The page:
Marie Taglioni (1804 – 1884) was an Italian/Swedish ballet dancer of the Romantic ballet era, a central figure in the history of European dance. Her fragile, delicate dancing typified the early 19th-century Romantic style. She became one of the first women toon the extreme tips, or points, of the toes; she created a new style marked by floating leaps, such balanced poses as the arabesque, and a delicate, restrained use of the points.
In the performance of La Sylphide Taglioni was also known for shortening her skirt, which was considered highly scandalous at the time. The diaphanous dress she wore, with its fitted bodice and airy, bell-like skirt, was the prototype of the . She shortened all of her skirts to show off her excellent pointe work, which the long skirts hid. Her father was approving of the shortening of the skirt because he also wanted everyone to see how good his daughter was en pointe.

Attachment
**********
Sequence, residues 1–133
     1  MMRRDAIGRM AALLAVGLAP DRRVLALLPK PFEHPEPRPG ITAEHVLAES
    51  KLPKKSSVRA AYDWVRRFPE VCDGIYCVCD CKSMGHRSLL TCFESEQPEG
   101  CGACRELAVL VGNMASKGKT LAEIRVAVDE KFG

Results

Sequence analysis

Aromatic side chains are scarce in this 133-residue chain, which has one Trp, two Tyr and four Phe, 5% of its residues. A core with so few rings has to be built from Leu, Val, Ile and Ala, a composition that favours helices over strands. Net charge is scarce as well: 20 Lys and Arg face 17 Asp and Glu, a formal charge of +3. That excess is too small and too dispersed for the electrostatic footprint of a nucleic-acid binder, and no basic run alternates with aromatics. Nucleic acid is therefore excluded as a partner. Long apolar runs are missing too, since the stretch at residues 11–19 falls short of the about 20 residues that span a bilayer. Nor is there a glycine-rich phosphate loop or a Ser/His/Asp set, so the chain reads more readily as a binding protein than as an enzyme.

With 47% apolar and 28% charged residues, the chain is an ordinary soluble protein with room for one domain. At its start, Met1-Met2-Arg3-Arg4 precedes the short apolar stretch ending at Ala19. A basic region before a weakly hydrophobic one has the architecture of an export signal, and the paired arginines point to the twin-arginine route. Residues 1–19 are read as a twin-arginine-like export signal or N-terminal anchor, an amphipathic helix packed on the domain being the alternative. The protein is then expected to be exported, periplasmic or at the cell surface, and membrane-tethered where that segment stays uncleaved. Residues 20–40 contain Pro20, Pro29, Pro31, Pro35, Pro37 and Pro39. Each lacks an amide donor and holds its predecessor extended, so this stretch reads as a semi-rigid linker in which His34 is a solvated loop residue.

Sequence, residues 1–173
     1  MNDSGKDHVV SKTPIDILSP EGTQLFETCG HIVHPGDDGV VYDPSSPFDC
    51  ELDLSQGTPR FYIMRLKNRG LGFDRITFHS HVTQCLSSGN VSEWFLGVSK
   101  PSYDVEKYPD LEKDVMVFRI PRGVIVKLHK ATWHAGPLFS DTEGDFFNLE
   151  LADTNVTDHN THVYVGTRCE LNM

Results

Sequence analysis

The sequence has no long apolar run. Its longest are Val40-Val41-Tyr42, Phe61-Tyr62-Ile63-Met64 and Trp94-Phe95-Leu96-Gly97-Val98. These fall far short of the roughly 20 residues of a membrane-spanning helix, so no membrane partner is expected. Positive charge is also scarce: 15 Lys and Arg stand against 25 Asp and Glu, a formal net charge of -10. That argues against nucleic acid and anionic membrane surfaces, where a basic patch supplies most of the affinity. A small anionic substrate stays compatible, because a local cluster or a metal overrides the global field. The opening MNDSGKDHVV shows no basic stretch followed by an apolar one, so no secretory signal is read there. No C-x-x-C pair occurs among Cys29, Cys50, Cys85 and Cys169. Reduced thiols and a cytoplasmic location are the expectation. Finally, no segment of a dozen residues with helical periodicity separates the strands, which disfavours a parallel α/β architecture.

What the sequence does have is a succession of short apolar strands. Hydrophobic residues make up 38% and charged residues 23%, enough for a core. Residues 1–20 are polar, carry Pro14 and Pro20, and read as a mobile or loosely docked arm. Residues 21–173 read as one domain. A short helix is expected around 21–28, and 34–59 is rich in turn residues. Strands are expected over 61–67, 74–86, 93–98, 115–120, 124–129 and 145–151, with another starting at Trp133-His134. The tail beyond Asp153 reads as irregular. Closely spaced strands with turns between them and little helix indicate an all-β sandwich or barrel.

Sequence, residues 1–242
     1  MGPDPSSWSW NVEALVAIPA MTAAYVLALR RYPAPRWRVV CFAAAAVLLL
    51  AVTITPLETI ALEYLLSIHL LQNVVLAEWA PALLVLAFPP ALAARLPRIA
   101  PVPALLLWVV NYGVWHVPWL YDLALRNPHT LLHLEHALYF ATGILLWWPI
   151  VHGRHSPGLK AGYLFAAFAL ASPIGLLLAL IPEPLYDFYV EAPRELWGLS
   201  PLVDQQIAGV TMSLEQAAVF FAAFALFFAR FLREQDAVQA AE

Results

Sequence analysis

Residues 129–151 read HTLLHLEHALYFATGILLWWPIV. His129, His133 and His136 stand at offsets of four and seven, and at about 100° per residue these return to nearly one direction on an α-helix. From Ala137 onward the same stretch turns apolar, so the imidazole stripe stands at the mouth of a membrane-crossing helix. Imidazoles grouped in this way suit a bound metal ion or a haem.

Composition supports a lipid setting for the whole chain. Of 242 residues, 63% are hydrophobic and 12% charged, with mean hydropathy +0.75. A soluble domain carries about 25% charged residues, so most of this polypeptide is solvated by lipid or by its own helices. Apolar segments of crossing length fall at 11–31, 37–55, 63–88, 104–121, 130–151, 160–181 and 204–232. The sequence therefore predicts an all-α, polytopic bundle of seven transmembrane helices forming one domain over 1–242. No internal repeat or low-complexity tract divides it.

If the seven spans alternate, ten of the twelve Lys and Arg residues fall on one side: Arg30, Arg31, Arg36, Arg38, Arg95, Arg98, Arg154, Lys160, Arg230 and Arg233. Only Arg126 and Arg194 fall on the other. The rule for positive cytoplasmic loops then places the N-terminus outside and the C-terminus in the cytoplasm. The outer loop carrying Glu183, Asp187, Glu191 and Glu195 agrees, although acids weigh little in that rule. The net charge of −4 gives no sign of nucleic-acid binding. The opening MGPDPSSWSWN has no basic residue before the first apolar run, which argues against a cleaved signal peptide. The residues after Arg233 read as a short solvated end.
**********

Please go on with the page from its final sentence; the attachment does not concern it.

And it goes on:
Not only did she have Paris at her feet but audiences in London, Milan, Vienna, Berlin, and St. Petersburg hailed her as one of the greatest dancers ballet had ever produced.
In London Taglioni commanded £100 a performance and she filled the St. Petersburg Bolshoi Theatre to capacity when she played in La Sylphide. The Russians loved her so much that they named cakes and caramels after her. A group of her fans even ate a pair of her ballet shoes after her last performance in 1842. These were cooked, garnished, and served with a special sauce (Source).
Portrait of ballerina Marie Taglioni
(probably between 1827 and 1837)
Maria Taglioni in “La Sylphide”
Maria Taglioni by Richard James Lane, circa 1825-1850